BPA Alternative Might Be Even Worse

Study suggests it affects brain development
By Matt Cantor,  Newser Staff
Posted Jan 13, 2015 11:30 AM CST
BPA Alternative Might Be Even Worse
The BPA-free reusable plastic Bobble. A new study is raising questions about BPA-free items.   (AP Photo/Bobble)

A new study is lending more support to the idea that BPA-free products aren't necessarily safe products. Bisphenol S, or BPS, an alternative to BPA, appears to cause problems in the brain growth of animal embryos, researchers say. After studying zebra fish, whose brain development is seen as similar to humans', experts at the University of Calgary found that the changes caused by both BPA and BPS seemed to result in hyperactivity, the Washington Post reports. The results were a surprise given the dose involved, the study's lead author tells CBC: Zebra fish embryos were exposed to levels of BPA and BPS found in Alberta rivers. "We used a dose that is lower than what developing babies have naturally and we found that brain development is perturbed (in the fish)," the author notes.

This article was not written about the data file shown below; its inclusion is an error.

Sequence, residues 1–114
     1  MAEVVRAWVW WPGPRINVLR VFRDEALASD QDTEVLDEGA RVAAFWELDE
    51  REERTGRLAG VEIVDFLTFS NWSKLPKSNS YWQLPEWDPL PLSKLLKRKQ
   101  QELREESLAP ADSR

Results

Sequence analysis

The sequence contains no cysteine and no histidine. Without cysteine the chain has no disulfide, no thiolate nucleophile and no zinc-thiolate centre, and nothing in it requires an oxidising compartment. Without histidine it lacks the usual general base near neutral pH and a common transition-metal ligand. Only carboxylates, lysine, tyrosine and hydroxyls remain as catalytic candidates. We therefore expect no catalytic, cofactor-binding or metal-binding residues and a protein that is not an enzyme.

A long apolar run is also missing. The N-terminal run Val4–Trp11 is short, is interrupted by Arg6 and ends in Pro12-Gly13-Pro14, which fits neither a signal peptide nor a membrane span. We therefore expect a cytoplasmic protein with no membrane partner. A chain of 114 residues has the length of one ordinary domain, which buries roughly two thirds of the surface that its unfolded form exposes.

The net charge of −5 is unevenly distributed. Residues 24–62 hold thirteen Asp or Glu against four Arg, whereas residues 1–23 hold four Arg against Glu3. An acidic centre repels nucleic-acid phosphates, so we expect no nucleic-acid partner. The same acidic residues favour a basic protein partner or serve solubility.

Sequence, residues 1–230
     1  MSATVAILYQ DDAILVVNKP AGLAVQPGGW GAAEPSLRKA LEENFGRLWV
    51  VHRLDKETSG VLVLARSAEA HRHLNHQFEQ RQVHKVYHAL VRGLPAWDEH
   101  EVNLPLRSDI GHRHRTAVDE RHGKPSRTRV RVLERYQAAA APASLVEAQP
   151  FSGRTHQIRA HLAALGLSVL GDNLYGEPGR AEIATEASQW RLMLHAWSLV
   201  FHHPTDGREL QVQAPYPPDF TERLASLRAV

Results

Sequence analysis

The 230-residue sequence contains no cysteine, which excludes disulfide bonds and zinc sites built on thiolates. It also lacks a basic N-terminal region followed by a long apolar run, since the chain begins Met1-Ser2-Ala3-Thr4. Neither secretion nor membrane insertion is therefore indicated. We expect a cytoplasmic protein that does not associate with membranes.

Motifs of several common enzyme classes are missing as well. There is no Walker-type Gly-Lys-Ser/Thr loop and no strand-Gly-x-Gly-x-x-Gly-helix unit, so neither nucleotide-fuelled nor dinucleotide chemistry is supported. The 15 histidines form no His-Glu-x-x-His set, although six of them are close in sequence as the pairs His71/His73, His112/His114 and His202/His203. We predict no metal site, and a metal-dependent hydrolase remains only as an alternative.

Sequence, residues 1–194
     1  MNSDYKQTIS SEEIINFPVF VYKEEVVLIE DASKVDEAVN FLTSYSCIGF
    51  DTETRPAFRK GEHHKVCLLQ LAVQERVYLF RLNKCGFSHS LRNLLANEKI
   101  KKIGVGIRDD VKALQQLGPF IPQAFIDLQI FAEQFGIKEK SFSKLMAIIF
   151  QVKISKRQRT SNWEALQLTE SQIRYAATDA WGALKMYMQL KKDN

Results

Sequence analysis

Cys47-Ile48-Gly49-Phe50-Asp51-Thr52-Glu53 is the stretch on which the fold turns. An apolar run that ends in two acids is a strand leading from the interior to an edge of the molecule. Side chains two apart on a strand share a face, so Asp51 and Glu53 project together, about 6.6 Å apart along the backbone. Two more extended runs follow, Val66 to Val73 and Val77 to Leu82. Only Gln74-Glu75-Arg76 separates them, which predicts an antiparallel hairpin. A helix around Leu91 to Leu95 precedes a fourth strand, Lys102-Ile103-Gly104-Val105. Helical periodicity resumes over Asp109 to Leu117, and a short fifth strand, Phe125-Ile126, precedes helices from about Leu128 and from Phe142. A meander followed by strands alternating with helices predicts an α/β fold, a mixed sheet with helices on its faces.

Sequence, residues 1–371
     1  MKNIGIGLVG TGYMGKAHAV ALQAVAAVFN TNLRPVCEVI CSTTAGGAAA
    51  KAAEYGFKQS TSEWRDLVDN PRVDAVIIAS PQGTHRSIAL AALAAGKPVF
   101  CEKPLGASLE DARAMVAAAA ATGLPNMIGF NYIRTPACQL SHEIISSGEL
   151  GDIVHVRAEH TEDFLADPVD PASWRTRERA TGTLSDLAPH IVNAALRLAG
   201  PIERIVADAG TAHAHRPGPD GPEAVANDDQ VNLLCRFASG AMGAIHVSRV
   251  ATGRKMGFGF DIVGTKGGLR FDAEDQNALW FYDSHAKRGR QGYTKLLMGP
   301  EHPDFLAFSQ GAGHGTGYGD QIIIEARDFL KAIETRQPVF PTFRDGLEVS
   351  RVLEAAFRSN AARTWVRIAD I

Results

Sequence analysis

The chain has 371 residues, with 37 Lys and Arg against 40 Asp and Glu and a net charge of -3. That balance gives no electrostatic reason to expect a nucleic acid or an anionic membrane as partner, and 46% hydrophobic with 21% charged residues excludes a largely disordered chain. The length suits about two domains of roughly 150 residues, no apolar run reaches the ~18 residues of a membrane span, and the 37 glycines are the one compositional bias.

When compared to BPS, BPA prompts similar, though weaker, brain-cell growth surges, and researchers say that all similar materials may be dangerous. "A lot of the alternative chemicals (to BPA) have not been adequately tested because they don't have to be," says the author. "A compound is considered safe (by the Food and Drug Administration) until proven otherwise." The effects of BPS were seen on male hormones, which could help explain why autism is so much more common in boys than in girls, though at this point that's just speculation, the researcher adds. An industry group calls the experiment "limited" and says it doesn't offer conclusions on human health. But the researchers say that pregnant women should avoid plastics and receipts at stores, which have also been shown to contain BPA. (More bisphenol A stories.)

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